HSBC posts bumper profit rise
HSBC has reported a 28% rise in pre-tax profit in the third quarter of the year, to $5.9bn (£4.6bn), up 28% on the previous year's $4.6bn. Pre-tax profit was $16.6bn for the first nine of months of the year, up 12% on the same period last year, with a 5% rise in revenue year-to-date was driven by Asia. Chief executive John Flint said: “We are doing what we said we would - delivering growth from areas of strength, and investing in the business while keeping a strong grip on costs.” The bank yesterday set aside $71m to cover so-called "expected credit losses to reflect possible impacts of higher trade tariffs and trade restrictions", in its first concrete acknowledgement that the trade war between China and the US could have an impact on its operations.
Banks draw record number of complaints
The FCA registered a record number of complaints about banks and building societies during the first half of 2018. More than 4.1m complaints were made, a 10% rise compared to the previous six months. The surge was largely attributed to a series of IT failings at Barclays and TSB that left millions of customers unable to access their accounts. Another contributor was the rush to claim back mis-sold PPI before the deadline.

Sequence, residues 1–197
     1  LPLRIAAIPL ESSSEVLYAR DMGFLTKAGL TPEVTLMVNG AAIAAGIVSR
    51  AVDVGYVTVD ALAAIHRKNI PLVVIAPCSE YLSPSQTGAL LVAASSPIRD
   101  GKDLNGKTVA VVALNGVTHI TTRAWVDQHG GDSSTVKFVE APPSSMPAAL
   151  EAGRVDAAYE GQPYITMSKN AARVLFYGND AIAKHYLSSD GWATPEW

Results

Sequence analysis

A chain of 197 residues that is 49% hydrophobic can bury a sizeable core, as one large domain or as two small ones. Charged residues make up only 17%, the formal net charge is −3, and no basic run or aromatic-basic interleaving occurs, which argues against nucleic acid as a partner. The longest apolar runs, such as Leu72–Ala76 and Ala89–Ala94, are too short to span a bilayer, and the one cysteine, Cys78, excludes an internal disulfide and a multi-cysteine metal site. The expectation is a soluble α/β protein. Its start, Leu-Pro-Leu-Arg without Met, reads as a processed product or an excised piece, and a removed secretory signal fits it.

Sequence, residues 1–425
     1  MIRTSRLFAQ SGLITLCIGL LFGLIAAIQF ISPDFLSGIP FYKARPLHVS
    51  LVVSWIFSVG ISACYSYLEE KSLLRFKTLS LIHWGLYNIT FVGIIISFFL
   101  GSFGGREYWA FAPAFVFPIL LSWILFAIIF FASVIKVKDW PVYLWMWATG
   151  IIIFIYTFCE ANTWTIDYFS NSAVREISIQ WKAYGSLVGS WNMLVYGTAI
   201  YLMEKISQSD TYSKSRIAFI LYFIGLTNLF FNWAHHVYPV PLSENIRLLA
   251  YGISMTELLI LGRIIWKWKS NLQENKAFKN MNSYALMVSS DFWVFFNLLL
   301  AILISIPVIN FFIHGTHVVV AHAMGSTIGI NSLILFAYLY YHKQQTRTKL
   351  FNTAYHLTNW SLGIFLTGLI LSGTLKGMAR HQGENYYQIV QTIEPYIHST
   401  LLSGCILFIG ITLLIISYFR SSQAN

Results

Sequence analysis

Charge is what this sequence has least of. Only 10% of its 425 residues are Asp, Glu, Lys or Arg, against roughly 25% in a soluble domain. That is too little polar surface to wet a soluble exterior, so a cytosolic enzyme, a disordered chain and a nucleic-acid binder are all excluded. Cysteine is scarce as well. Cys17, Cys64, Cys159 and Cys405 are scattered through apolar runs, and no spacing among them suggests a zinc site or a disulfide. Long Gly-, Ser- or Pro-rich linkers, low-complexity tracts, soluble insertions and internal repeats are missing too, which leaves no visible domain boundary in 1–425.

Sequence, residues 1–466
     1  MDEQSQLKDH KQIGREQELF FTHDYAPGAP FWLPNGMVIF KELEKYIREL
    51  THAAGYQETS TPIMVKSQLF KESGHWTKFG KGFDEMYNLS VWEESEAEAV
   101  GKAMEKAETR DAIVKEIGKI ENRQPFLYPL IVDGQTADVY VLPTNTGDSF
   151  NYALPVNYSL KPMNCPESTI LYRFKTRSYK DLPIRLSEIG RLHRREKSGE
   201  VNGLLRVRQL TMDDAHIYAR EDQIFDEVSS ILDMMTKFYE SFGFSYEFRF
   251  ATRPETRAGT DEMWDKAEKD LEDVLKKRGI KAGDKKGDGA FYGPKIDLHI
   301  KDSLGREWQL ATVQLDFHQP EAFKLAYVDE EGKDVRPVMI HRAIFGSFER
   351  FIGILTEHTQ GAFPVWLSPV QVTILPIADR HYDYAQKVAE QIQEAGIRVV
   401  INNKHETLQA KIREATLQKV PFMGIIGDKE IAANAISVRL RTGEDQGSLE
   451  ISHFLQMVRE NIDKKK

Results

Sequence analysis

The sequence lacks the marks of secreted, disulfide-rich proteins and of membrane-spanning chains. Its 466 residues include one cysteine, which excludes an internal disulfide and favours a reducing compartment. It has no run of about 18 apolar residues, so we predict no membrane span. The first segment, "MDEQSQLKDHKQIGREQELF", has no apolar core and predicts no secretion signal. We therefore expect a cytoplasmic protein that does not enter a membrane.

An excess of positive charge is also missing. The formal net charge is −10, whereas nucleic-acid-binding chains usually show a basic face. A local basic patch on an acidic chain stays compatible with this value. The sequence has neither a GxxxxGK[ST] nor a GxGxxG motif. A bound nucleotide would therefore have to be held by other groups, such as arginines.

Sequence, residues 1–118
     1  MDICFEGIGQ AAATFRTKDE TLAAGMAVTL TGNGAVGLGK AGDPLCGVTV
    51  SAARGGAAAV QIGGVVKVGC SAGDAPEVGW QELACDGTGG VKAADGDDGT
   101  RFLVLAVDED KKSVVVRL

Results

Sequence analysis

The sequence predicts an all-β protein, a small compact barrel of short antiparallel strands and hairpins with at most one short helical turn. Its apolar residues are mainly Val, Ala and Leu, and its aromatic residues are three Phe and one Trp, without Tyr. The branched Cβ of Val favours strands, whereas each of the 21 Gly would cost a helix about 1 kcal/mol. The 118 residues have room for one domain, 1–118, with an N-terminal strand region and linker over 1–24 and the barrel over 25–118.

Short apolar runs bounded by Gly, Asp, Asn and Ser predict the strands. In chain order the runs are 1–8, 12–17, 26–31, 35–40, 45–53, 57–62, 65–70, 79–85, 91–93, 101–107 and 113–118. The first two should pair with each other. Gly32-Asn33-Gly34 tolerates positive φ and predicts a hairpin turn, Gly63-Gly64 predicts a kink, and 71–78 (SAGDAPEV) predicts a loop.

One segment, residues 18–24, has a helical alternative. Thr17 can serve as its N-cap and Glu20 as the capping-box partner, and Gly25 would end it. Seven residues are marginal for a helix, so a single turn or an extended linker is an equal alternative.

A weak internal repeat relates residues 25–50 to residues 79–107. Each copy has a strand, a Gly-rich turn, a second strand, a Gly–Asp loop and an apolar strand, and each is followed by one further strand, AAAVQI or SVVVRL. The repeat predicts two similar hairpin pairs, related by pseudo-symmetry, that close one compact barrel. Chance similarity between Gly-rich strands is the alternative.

Barclays bPay now available free
Barclays is now giving away its bPay wearable contactless payments device, which the bank had previously been selling for £20. According to figures from the UK Card Association, in April alone there were 416m contactless card transactions worth £3.9bn, while Barclays said in February that 1.1m transactions have taken place using bPay, with £6.6m spent since launch, suggesting that interest in the wearable device has been low.
Standard Chartered China licence
Standard Chartered’s Chinese subsidiary is the first foreign bank in China to receive a domestic fund custody licence, allowing it to service both foreign and domestic asset managers.
Australia banks prepare for no-deal Brexit contingency
Australian banks are applying for banking licences in EU countries to ensure they can continue to operate across the bloc in the event of a no-deal Brexit.
Julius Baer creates intermediary unit
Julius Baer has formed a new division to serve external asset managers, independent financial advisers and other intermediaries. Executive board member Philipp Rickenbacher has been appointed to lead the new unit, with Nicolas de Skowronski replacing him as head of advisory solutions.